One of Max Neufeldt's welded metal sculptures.
Courtesy Photo

This exhibit showcases Max Neufeldt’s recent work in two arenas: welded-metal sculpture and mixed-media collage. The sculptures, which make up the larger part of this show at UCSB’s Faculty Club, range from horizontal wall hangings to freestanding towers composed of sturdy wires. Some incorporate an assortment of tools you might find in a catchall kitchen drawer: safety scissors, keys, cheese graters, melon ballers, hole punches, and whistles. Arranged in a static montage and finished in uniform gray, they are quiet relics of a pre-digital age.

Other sculptures rely on a loose lattice framework of scaffolding, sometimes topped with clock faces. In many, there’s a comfortable coexistence of hard, industrial metal elements and softer, more domestic touches: wooden shelving, ceramic cabinet knobs, silver slotted spoons. Then there are works that combine Neufeldt’s structures with digital clock faces designed by Bob Roan. There’s an occasional touch of whimsy in these pieces—a wooden bird perched atop one clock peers down at the inscrutable series of numbers flicking past. It’s a fun twist, but also an acknowledgement of the perplexity of a post-modern world, where time bends and mutates.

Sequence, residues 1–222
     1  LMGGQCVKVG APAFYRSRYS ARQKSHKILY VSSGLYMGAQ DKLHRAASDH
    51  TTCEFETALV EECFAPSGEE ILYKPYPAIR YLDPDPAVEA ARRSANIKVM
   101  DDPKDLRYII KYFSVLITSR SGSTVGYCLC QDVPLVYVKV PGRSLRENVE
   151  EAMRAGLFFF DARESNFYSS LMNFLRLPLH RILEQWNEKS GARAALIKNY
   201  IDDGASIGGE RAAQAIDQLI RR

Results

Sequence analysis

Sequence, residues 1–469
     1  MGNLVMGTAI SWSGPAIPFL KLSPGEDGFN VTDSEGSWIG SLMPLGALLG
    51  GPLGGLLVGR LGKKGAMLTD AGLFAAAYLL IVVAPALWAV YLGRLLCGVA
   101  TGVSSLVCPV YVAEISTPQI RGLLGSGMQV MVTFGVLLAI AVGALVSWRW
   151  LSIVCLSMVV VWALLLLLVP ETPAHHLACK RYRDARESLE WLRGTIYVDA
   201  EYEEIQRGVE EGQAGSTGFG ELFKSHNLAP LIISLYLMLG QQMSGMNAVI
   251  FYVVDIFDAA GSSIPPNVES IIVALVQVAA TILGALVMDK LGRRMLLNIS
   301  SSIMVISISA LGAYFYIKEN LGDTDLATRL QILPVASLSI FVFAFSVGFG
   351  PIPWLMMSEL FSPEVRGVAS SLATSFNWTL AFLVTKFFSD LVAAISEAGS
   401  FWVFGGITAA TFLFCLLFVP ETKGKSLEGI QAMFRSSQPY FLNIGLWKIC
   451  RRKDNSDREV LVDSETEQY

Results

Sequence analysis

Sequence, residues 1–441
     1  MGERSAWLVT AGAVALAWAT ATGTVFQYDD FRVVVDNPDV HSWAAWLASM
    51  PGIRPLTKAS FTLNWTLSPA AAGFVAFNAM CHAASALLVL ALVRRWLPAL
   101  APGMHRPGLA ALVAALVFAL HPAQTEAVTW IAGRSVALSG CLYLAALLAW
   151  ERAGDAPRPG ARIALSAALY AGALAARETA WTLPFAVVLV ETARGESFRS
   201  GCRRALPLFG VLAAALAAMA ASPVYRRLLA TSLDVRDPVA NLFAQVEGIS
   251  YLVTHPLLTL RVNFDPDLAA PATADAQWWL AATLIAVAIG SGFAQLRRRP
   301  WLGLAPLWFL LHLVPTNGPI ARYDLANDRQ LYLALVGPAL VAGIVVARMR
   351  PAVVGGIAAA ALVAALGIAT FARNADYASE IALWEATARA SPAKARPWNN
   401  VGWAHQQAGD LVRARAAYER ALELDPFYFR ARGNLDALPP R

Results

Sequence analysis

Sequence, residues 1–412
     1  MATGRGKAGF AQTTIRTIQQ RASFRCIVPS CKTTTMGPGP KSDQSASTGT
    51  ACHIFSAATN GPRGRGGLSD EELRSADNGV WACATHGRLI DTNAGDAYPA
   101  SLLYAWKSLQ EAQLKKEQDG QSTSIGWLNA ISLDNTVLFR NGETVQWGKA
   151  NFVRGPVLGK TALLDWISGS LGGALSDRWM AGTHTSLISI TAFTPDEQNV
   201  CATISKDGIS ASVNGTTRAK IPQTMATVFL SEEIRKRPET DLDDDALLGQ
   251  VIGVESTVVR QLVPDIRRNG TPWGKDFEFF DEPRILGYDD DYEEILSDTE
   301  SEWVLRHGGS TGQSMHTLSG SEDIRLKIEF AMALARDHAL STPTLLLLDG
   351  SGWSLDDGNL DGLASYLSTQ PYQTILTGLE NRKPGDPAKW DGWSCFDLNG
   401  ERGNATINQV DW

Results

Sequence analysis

Though they are less numerous, it’s the collages of early-20th-century family photographs, pen and ink sketches, scraps of fabric, and mementos that really make the viewer linger. Neufeldt has pooled black-and-white snapshots, taken from his mother’s scrapbook, and elaborated on them, using his pen to extend their boundaries. Beneath an image of picnickers in a forest glade, he adds a basket nestled in tall grass. He extends the branches of the trees beyond the frame so that they reach out toward other ephemera: a faded postage stamp of Buffalo Bill Cody, a scrap of looped rug, the inner workings of a watch.

Within the confines of frames hardly more than two feet square, these nostalgic fragments evoke much larger stories—the careful, looping script on a slip of yellowed paper records a budget “for cutting wheat and rye, alfalfa seed”; a girl in an empire-waist dress squints from beneath her short bob; and a miniature racecar suggests a long-forgotten game of Monopoly. Like quilts sewn from the remnants of aprons and curtains, these works are silent testaments to an entire family history. In fact, one piece seems to include a tiny quilt, though on close inspection, its squares alternate between actual fabric and meticulous sketches on paper. Every one of these eight works carries the musty mystery of a hope chest discovered after many decades—precious, compelling, and redolent with stories we can only half know.

The show runs through Monday, May 31 at UCSB Faculty Club, Ocean Rd., UCSB Campus, CA


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